Seeking easy to understand science facts behind simple experiments

Hi. I am writing preschool science activities and would like to verify what the scientific principles behind them are.

First example: when you put raisins in clear soda pop, exactly what causes the bubbles around the raisins to pop when they reach the top? Is it only the outside air pressure?

Second example: when you blow through a film of soap to create bubbles, is it surface tension that holds the soap together around the air? And what exactly happens when they pop?

Thank you.

marcusl
Gold Member
Hi Blouella, welcome to Physics Forums!
Hi. I am writing preschool science activities and would like to verify what the scientific principles behind them are.

First example: when you put raisins in clear soda pop, exactly what causes the bubbles around the raisins to pop when they reach the top? Is it only the outside air pressure?
Yes, this is correct. The pressure of the gas inside the bubble is greater than that of the air so they burst. Soda is bubbled by dissolving highly pressurized CO2 gas in it. The pressure is so high that some of the gas comes out of solution following the bottling (it lives in the little "air" space between the top of the liquid and the bottle cap); it escapes with a "whoosh" upon opening the bottle.
Second example: when you blow through a film of soap to create bubbles, is it surface tension that holds the soap together around the air? And what exactly happens when they pop?

Thank you.
You are right again, it is surface tension. If you look carefully at a bubble, you will see that fluid tends to distribute from the top of the bubble to the bottom over the space of a few seconds, due to the pull of gravity. Sometimes you even see the start of a drip formi9ng at the bottom as liquid collects there. Eventually the top becomes so thin that it can't support itself and the bubble comes apart--it pops.

Here's another interesting bubble phenomenon. The thickness of the soap film can get very small--comparable to the wavelength of light (of order 1/2 micron, or 5x10^(-7) meters). When this happens you see interference fringes, which look like wavy patterns of color. If the film becomes half the thickness of green light, say, or an integer number times that thickness, then green light reflecting off of the inner and outer surfaces of the film add in phase while other colors reflect out of phase and are suppressed. You see a green reflection. At a different thickness, a different color is favored. So as the bubble thins at top and thickens at bottom, you'll see a progression of color changes. They look wavy and multicolored both because illumination in a typical room is kind of random and because the film thickness is not uniform.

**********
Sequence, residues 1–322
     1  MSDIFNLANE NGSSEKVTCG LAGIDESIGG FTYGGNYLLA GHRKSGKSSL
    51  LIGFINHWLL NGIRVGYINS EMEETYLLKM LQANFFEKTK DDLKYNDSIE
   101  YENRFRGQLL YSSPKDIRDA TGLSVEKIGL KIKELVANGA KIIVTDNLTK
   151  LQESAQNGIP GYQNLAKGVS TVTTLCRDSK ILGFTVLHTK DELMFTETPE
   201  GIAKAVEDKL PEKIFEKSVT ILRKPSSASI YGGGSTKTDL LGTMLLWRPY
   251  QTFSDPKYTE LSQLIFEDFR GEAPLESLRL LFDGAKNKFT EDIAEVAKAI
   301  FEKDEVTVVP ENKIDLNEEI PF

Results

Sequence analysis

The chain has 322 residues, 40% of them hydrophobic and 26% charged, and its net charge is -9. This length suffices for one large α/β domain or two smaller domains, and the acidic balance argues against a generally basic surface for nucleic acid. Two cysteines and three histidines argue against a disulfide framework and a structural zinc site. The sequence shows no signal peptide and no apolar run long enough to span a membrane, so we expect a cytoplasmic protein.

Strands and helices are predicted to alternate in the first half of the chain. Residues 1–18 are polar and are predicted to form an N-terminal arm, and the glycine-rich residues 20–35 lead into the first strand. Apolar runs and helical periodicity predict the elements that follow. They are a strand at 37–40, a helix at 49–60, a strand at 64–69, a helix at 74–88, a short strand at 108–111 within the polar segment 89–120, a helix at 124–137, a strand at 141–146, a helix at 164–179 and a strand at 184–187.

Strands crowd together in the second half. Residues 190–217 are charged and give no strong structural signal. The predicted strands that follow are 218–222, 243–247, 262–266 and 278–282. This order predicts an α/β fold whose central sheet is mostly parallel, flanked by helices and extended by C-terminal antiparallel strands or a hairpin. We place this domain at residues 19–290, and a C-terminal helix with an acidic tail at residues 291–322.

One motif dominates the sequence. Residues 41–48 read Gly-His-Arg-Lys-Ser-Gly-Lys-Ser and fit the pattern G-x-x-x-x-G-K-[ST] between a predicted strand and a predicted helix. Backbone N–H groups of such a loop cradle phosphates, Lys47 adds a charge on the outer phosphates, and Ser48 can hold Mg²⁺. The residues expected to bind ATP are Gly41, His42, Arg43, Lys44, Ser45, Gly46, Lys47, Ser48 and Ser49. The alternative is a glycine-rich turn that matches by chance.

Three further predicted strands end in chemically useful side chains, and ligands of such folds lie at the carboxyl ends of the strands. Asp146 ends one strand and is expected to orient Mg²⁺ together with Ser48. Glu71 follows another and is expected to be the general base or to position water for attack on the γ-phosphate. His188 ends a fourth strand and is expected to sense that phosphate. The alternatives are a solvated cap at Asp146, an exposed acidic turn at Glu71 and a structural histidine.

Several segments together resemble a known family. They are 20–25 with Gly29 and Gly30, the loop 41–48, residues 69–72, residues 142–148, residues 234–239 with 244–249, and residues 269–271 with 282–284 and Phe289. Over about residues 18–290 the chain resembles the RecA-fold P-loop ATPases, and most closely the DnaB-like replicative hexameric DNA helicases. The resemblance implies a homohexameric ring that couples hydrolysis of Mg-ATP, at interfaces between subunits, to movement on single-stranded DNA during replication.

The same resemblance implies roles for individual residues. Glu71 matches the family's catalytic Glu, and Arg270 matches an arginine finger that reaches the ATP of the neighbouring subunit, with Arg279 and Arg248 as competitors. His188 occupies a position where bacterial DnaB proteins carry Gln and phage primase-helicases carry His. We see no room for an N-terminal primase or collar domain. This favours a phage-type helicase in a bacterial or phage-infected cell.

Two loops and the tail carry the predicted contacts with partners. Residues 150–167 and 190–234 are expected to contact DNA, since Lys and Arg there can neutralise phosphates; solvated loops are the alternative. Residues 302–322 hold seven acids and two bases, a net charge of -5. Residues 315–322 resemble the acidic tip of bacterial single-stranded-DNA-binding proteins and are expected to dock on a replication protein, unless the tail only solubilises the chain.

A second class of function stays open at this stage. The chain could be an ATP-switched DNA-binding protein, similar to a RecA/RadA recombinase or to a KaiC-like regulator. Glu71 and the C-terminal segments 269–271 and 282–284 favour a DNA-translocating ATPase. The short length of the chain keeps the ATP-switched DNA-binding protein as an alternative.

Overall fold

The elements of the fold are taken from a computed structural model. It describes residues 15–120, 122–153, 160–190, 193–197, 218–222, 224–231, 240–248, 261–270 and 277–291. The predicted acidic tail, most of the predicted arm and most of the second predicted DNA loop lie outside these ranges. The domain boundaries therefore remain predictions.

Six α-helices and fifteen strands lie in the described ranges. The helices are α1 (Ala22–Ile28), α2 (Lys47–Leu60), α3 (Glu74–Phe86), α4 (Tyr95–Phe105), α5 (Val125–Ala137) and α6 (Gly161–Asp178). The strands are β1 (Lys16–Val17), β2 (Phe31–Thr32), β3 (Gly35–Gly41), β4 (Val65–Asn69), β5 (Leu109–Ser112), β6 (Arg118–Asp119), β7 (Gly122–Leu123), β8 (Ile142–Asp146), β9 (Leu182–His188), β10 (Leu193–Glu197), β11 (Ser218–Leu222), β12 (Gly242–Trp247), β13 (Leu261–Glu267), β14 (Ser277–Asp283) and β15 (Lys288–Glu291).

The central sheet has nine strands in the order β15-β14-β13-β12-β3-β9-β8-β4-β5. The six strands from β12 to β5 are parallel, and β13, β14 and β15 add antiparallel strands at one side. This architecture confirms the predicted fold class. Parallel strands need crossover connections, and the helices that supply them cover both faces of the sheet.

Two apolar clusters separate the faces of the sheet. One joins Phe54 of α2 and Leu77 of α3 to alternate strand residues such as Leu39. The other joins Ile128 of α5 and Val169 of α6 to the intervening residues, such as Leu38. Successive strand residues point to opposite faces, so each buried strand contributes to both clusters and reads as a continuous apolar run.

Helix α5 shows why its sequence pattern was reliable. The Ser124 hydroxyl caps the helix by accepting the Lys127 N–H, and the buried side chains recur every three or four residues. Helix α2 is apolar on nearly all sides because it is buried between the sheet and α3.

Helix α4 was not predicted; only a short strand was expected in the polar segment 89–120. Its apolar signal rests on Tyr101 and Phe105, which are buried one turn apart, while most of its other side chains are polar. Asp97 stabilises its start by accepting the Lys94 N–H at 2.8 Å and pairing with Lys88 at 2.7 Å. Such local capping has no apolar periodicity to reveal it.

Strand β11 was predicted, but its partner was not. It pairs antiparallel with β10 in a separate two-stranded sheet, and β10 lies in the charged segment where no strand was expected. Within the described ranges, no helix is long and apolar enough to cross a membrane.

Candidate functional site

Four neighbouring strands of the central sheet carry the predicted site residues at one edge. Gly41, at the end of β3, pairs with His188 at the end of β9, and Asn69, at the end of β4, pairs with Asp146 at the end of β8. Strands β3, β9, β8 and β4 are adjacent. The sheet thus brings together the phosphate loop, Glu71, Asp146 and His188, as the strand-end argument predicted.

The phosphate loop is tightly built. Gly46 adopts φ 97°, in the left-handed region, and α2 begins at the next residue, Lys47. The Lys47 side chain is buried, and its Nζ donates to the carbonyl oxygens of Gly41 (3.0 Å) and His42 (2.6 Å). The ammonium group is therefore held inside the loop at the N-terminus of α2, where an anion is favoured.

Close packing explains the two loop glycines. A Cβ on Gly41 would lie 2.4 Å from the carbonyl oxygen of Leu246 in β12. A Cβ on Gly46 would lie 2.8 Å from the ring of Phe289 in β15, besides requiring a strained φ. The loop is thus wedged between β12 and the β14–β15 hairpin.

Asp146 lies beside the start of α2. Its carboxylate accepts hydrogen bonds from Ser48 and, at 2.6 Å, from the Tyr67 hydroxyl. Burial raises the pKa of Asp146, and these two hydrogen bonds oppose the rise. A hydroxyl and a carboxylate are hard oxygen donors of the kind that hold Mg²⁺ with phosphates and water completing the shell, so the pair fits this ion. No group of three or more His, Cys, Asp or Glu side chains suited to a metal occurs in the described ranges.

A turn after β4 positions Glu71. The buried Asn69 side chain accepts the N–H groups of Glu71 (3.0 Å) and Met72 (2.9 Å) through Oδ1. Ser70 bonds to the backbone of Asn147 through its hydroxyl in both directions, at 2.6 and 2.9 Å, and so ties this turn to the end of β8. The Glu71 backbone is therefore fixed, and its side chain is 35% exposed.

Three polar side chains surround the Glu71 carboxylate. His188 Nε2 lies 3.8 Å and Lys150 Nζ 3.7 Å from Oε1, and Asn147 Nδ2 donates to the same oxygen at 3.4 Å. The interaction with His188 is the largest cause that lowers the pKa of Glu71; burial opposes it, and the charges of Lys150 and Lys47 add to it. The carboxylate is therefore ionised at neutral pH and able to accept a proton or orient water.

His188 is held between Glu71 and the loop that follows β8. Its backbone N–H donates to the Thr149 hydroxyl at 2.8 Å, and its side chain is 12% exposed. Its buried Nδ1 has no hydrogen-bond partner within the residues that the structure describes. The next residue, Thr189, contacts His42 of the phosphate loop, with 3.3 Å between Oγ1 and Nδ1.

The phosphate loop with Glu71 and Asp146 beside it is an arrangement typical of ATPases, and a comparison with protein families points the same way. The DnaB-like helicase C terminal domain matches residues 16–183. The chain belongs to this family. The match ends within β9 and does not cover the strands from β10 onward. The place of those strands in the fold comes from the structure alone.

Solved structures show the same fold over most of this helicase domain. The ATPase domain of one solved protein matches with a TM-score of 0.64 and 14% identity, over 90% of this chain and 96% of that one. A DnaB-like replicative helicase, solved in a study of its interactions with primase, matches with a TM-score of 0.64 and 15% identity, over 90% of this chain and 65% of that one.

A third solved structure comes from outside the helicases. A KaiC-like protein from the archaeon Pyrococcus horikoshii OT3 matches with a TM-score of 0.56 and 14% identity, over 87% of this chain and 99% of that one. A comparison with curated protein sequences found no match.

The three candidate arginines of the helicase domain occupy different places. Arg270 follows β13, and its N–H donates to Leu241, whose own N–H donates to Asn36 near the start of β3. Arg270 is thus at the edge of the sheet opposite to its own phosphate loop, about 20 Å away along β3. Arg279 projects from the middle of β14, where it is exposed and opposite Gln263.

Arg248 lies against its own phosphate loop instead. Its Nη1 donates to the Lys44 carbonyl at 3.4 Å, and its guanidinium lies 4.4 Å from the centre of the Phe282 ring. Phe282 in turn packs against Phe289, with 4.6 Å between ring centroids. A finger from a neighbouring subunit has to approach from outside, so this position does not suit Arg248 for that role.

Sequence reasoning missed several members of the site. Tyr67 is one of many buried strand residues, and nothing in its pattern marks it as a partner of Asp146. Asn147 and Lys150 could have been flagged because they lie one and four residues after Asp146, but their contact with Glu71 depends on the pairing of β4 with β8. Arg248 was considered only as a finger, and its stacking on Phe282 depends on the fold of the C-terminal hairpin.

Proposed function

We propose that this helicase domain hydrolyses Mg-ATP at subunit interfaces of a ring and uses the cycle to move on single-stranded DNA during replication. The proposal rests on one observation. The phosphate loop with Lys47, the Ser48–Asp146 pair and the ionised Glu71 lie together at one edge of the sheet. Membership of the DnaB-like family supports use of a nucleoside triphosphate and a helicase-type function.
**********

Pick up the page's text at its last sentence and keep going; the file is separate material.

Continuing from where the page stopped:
Thank you Marcus! This is exactly the information I needed.

Here are two more activities that I would like to verify:

What happens, scientifically, when you float two toothpicks in water then dip a straw with dish soap into the water? Or similarly with pepper in water and dish soap?

Also, an orange floats in (enough) water. So does the peel. But the peeled orange sinks. Is this due to air trapped in the peel making it lighter? Or is it a more complicated situation with the orange or the peel or the peeled orange being more or less dense than the water? And if so, what does "density" actually mean?

I hope these questions are not too basic, but these are the things I need to know.

Thanks again.

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Danger
Gold Member
Welcome from me as well.
I have nothing to contribute in the context of this thread, but I want to express how pleased I am that someone is introducing the youngsters to science in a manner appropriate for their age group. PF is all about education, and you will be a pleasing addition.

Thank you, Danger!

I am writing preschool science books that help children learn the science behind the activity, as you mentioned. It will also encourage them to think and guess (predict) instead of just being "handed" the answers. I believe this develops a measure of common sense thinking, which is sometimes in short supply! ;-)